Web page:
An angry resident indicated that close to five hundred people has either lost their lives or have being maimed on the road since its completion six years ago.
“…Some of us who have been staying in this area since 1990 believed the construction of the road would help to reduce accidents but the opposite has happened, we cannot fathom why we should lose dear ones on the road as nothing is done about that,” Mr. Tettey, a resident complained.
The cause of the accidents, Today learnt, is as a result of the lack of flyovers on the International road which not only help transport tourist to the numerous beaches that line up the coast, but also serves as the main entry point for Ivoirians and other foreigners that enter the capital from the west.
What is more, is the unavailability of traffic lights on the $28-million road which rehabilitation began on February 2, 2004 and was completed in February 2006 has also been another contributory factor to accidents on the road.
Few traffic lights which are available at six out of the about 15 bus stops on the highway are not functioning when Today visited.
That situation, Today observed, compels pedestrians to wait for long hours before crossing the road.
Alarmed by this, parents who live at either side of the highway have either withdrawn their wards from schools or permitted them to stay out of school for fear of accidents.
A student, Ms. Nelly Owusu-Asante, confirmed this and lamented how the absence of police on the road negatively affects them.
“There is no police presence in spite of the malfunctioning of the traffic lights—its affecting us and something should be done about that,” she said.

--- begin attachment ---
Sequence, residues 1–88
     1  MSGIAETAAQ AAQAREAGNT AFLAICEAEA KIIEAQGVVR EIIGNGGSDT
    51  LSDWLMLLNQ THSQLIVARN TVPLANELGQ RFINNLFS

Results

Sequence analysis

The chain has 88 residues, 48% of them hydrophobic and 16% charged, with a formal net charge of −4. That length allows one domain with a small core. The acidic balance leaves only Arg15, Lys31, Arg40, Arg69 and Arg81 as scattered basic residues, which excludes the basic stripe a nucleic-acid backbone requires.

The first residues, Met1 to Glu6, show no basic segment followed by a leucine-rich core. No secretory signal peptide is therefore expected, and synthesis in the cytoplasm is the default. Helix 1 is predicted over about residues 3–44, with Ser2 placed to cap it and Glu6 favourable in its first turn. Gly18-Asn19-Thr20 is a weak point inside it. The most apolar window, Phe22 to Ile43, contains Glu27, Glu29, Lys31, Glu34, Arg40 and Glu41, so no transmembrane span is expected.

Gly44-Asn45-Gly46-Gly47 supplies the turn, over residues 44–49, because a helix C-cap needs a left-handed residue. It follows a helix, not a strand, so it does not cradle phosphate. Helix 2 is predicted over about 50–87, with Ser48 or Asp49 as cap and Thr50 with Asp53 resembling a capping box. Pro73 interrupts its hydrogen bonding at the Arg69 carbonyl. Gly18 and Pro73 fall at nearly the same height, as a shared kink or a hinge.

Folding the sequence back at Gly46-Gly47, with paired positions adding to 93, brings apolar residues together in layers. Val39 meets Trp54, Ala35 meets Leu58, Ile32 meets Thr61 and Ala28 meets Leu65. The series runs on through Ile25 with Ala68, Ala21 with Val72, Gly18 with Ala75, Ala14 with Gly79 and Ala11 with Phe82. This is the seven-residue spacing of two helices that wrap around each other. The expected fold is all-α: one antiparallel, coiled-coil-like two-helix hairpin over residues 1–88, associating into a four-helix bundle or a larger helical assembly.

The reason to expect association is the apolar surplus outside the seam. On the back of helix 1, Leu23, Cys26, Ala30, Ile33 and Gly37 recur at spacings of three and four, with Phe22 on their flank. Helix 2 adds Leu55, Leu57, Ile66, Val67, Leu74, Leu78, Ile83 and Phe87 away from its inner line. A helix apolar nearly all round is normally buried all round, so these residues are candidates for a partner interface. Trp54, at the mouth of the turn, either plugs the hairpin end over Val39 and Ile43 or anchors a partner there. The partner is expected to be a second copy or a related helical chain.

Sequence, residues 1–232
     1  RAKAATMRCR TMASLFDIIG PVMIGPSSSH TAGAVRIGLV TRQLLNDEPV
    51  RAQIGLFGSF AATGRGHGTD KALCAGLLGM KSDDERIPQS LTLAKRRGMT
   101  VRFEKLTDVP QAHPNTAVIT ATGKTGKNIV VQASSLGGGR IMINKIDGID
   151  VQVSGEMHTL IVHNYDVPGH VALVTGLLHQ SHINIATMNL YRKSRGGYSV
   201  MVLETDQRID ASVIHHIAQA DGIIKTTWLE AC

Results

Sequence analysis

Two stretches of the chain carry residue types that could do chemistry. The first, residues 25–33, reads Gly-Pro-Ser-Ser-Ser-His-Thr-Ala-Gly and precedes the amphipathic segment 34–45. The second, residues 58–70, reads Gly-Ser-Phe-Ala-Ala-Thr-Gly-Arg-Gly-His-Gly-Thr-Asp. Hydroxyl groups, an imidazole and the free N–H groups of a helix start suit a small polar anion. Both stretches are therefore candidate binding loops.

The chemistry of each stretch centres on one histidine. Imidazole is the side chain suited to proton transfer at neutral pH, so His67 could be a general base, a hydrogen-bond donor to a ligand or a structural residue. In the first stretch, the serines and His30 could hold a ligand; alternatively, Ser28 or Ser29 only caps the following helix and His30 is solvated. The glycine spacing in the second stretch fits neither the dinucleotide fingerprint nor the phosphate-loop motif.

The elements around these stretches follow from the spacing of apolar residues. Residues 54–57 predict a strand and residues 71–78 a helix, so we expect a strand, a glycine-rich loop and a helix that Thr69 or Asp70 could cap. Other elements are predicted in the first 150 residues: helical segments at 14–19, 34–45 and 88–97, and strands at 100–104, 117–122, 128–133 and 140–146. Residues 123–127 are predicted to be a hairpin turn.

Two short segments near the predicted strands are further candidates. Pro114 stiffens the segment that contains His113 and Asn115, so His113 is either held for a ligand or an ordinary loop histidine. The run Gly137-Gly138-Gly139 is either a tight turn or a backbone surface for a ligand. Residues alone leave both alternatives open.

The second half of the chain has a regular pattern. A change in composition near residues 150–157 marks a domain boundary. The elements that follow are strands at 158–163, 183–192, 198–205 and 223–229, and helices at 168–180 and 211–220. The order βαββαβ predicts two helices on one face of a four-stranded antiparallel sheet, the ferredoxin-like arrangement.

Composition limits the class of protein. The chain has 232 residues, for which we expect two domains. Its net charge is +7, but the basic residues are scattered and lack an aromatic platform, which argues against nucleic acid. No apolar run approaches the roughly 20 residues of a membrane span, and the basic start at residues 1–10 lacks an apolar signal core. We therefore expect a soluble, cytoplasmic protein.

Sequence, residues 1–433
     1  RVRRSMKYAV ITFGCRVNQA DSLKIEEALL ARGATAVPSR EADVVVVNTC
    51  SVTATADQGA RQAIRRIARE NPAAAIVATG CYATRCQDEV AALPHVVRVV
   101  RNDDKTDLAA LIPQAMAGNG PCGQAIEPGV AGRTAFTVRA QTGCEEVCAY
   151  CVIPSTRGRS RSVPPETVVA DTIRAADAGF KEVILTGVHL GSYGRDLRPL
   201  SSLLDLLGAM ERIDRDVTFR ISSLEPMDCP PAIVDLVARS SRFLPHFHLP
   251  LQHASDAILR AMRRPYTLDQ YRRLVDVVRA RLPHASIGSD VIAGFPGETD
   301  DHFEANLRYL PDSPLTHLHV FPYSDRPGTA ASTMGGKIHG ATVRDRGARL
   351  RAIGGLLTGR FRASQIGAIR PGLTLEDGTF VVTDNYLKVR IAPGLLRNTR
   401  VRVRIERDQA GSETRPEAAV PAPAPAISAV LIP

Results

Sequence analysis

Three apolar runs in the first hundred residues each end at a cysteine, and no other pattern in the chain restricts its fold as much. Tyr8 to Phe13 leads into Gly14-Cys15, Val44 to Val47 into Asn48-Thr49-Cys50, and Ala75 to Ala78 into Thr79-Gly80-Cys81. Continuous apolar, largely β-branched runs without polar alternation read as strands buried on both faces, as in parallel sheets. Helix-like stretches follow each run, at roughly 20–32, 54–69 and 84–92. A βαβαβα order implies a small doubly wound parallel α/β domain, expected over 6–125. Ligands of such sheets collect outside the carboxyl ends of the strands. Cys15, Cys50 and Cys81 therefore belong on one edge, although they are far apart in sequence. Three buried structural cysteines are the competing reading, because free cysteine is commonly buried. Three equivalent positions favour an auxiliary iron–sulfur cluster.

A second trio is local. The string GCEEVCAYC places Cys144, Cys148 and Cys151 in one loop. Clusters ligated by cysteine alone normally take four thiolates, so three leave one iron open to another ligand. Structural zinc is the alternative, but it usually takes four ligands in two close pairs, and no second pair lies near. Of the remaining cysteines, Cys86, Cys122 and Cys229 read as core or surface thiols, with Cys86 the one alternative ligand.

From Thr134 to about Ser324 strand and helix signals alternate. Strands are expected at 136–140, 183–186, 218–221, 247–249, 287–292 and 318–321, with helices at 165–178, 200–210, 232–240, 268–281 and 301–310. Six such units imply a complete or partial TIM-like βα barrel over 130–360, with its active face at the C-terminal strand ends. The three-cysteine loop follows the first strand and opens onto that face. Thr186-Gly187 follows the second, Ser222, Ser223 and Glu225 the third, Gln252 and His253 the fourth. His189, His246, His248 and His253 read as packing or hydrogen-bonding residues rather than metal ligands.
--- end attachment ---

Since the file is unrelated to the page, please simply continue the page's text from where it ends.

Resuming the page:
The traffic lights, residents said “had not been functioning for some months now” and had become white elephants which together with dysfunctional street lights decorate the road.
The traffic lights in addition to the numerous power outages that occur frequently in the area had ceased to function because “drivers’ constantly pull them down with their vehicles.”
However, drivers who ply the route complained that the dysfunctional nature of the street lights has been the cause of the road accidents.
“Driving on the road at night constitutes a major challenge to motorist and pedestrians. If you are not careful you could crash your car into anything, so we are taking this medium to call on authorities to act as soon as possible, Mr. Kwasi Amponsah, a Trotro driver appealed.
“Our roads have become a street of darkness, darkness so thick that it’s impossible to see the next approaching vehicle from a distance…we can’t just understand that,” Mr. Wisdom Kumah, a teacher lamented.
A reliable source at the Axel Load Control also lamented about the malfunctioning of street lights which according to him “have persisted for almost three years now and it baffles us.”
“Even when it is repaired the erratic supply of power damages it again,” the source continued.
Residents therefore appealed to authorities to do something about that because “we cannot continually bury loved ones.”